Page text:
Frankfurt Fishing Charters Attract New Guests | New


FRANKFURT – Last May, Captain Eric Anderson wasn’t even sure he would get his boat out of storage.

A few months later, he concluded his busiest year yet with Anderson Fishing Charters – while helping a tourist from Frankfurt, Germany carry a 31.5-pound king salmon on a fishing trip in last august. Coincidentally or not, this was the biggest fish a person had caught on the charter he had ruled for over 24 years.

“I said ‘You just caught a great king in Frankfort, Michigan; and you return home to Frankfurt, Germany. It’s pretty neat, ”Anderson recalls.

Stories like this are no surprise that demand for fishing charters on Lake Michigan is on par with ocean ports, according to data from an online booking agency.

FishingBooker, an online booking site for charter fishing trips across the country, reported a 135% increase in bookings for Frankfort and Elberta from 2019 to 2020. This makes it the eighth fastest growing location in the country. United States and # 1 in Michigan.

For many captains of charter boats on Lake Betsie, this came as no surprise.

Migration trends in the wake of the COVID-19 pandemic have seen many out-of-state nationals settle in the Grand Traverse area. On top of that, many have cited a tourism boom in Frankfurt over the past two summers, which has certainly manifested itself in parking and traffic in the city.

“Every time I was in port I would look at the beach and you were like ‘Holy Cow’ you can’t even see sand there are so many people around,” said Captain Dave James of Fish Hunter Charters. “Regarding the reservation, it was through the roof. During the summer and once I finally got in August, I mean my phone was ringing for charters five or six times a day – and I was already completely full even before July started.

The FishingBooker study ranked Frankfurt eighth on a list that included nine other coastal cities. These were markets in ocean regions like Port St. Joe, Florida; Port Isabel, Texas; Tybee Island, Georgia; and the beach in Chesapeake, Maryland.

James, who also owns an ice cream shop in downtown Frankfurt, said the city has a vibe that people say no longer exists.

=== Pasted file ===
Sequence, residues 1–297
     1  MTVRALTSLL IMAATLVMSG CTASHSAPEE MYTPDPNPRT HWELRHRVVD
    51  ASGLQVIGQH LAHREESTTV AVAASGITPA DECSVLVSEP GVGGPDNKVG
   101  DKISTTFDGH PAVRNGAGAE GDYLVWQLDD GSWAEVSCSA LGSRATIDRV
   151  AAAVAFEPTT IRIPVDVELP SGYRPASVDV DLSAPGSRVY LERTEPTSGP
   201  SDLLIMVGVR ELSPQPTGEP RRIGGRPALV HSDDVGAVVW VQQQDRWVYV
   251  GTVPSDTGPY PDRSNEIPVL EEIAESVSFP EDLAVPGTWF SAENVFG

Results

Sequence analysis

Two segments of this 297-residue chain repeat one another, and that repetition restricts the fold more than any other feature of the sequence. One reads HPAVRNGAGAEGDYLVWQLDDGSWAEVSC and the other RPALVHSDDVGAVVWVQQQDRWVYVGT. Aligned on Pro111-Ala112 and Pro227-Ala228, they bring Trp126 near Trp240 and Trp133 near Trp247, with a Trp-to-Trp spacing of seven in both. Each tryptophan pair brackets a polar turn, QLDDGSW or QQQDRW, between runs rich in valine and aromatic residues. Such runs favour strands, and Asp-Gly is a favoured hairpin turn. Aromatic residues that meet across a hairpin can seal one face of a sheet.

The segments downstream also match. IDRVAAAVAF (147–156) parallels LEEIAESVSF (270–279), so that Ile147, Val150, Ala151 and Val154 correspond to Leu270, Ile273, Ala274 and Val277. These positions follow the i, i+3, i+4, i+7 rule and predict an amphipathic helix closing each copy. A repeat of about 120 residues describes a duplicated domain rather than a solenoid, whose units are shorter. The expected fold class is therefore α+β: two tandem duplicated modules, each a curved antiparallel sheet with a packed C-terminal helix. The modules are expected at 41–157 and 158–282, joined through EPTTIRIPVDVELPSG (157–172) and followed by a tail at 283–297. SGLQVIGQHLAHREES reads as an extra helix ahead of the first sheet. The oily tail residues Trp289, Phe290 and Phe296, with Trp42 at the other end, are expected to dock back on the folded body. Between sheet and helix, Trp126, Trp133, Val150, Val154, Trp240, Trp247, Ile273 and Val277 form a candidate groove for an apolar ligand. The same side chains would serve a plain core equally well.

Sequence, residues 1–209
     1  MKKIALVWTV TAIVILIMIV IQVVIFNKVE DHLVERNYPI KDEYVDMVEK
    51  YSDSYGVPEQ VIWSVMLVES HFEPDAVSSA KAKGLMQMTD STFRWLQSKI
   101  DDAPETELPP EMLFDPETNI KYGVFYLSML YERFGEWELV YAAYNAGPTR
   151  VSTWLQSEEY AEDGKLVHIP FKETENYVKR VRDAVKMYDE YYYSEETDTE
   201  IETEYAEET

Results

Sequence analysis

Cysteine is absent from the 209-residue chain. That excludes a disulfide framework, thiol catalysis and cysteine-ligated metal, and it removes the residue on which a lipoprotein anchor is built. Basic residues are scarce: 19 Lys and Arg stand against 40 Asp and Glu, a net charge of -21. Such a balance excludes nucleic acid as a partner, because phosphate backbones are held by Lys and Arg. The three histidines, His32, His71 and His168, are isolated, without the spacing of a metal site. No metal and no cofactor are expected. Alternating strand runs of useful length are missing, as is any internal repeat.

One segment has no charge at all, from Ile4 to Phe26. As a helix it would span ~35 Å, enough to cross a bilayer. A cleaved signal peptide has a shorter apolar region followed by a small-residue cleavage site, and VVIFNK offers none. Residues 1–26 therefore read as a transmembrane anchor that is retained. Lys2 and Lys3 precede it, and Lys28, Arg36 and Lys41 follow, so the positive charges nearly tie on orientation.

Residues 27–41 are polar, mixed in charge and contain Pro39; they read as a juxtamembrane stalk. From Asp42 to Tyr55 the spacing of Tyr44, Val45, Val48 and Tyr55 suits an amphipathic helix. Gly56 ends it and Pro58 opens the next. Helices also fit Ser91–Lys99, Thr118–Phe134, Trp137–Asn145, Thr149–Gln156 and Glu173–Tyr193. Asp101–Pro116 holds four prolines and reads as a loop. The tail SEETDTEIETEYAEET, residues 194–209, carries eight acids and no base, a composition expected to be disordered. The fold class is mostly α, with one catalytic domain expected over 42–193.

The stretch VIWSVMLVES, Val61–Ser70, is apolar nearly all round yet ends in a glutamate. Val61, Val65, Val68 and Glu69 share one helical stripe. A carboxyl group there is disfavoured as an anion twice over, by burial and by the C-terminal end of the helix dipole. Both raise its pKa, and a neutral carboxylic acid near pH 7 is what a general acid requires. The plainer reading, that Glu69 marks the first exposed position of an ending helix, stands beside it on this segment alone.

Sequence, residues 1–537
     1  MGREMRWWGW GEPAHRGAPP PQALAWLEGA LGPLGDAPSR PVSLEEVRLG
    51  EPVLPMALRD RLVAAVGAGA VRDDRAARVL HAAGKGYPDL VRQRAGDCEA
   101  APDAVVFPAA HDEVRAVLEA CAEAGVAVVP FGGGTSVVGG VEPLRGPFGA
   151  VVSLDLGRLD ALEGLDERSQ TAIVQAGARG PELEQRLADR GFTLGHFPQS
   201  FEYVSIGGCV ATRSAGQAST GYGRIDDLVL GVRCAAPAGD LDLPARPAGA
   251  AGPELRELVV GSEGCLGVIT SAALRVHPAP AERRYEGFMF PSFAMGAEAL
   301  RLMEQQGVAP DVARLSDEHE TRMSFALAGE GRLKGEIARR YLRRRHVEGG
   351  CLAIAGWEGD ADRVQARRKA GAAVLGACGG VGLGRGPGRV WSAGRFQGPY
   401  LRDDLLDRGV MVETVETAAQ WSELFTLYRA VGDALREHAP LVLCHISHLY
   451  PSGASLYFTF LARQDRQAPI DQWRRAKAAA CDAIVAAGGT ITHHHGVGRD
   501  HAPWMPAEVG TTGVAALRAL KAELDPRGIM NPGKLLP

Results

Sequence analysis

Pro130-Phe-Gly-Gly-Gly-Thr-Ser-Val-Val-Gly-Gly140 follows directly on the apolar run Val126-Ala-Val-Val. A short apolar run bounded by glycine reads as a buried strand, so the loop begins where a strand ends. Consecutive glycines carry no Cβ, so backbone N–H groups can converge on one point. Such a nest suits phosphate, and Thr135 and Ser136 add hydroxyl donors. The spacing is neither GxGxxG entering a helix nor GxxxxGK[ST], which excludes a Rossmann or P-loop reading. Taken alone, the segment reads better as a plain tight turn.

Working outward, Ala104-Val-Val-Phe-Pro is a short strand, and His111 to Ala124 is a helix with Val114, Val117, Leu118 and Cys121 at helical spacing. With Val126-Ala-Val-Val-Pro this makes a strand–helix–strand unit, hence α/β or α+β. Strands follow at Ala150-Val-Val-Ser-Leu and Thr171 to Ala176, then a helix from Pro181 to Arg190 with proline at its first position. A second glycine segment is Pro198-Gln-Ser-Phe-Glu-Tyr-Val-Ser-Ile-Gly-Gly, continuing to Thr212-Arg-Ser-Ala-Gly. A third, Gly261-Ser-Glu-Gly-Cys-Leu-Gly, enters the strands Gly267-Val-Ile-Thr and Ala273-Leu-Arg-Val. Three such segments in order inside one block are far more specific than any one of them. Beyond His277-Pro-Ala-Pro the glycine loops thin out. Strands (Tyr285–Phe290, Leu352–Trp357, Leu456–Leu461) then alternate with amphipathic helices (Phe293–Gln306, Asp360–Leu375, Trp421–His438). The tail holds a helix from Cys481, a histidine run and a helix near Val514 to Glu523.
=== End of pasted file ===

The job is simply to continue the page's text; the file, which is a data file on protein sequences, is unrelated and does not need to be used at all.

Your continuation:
“I really think Frankfurt is that small town feel that once someone sees it wants to come back,” James said.

Anderson agreed, adding that he will usually receive guests who come to Sleeping Bear Dunes National Lakeshore and call him to use a fishing trip as an aspect of the vacation.

He said when he started organizing charters, his clients were many who worked for auto companies in Southeast Michigan.

Now many of his clients come from all over the Midwest like St. Louis, Mo. and Ohio. Sightseeing trips usually start around July 4th.

“No. 1, Salmon and trout fishing, people know that all over the United States,” Anderson said. “No. 2 is the beauty of the scenery, I mean, when you take people out of Frankfurt and they look like these cliffs… people are just in awe of the shore.

Anderson said visiting the national park and booking fishing trips often go hand in hand. Visitors to the dunes also hit a record high last year.

That’s a windfall of about $ 1,100 to Frankfurt’s economy per charter trip, according to Anderson, who served as president of the Michigan Charter Boat Association from 2015 to 2019.

In the past, he has advocated for the captains of chartered boats in Lansing and organized random drug tests for the captains.

“I have a lot of people who have come for a charter, and when we finish cleaning the fish and get off the boat, they ask me ‘Where can we go to eat?’ “It all works,” Anderson said.

Anderson said his guests have stayed in hotels, asked for recommendations for a local restaurant and gone downtown shopping after completing a day on the water. With so many people dotted around Lake Betsie, most making around 60 to 70 trips in a summer, those numbers add up.

“What people don’t realize is that, especially in western Michigan, there isn’t a day of the year that you can’t go fishing somewhere,” Anderson said. “We take everything for granted because we’re so used to it. These people are from out of state where the biggest thing they’ve caught is maybe a 10 inch perch… you take them to the lakes of northern Michigan, you catch some of those bigger trout. and fish and their eyes are bigger than a silver dollar.

Follow Andrew Rosenthal on Twitter @ByAndrewR


Comments are closed.